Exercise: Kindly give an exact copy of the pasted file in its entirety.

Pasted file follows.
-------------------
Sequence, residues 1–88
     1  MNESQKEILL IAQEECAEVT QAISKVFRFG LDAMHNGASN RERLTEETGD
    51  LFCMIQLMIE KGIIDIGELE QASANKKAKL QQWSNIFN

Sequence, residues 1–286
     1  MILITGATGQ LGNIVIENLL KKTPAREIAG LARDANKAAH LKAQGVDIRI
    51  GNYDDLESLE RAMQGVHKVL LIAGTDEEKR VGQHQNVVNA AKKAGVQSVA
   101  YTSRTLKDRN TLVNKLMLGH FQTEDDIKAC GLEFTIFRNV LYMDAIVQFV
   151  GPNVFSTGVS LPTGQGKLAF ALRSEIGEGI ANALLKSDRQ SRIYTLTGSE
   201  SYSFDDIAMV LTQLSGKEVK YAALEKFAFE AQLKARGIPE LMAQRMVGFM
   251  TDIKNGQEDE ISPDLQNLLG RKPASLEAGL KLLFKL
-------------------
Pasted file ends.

Sequence, residues 1–88
     1  MNESQKEILL IAQEECAEVT QAISKVFRFG LDAMHNGASN RERLTEETGD
    51  LFCMIQLMIE KGIIDIGELE QASANKKAKL QQWSNIFN

Sequence, residues 1–286
     1  MILITGATGQ LGNIVIENLL KKTPAREIAG LARDANKAAH LKAQGVDIRI
    51  GNYDDLESLE RAMQGVHKVL LIAGTDEEKR VGQHQNVVNA AKKAGVQSVA
   101  YTSRTLKDRN TLVNKLMLGH FQTEDDIKAC GLEFTIFRNV LYMDAIVQFV
   151  GPNVFSTGVS LPTGQGKLAF ALRSEIGEGI ANALLKSDRQ SRIYTLTGSE
   201  SYSFDDIAMV LTQLSGKEVK YAALEKFAFE AQLKARGIPE LMAQRMVGFM
   251  TDIKNGQEDE ISPDLQNLLG RKPASLEAGL KLLFKL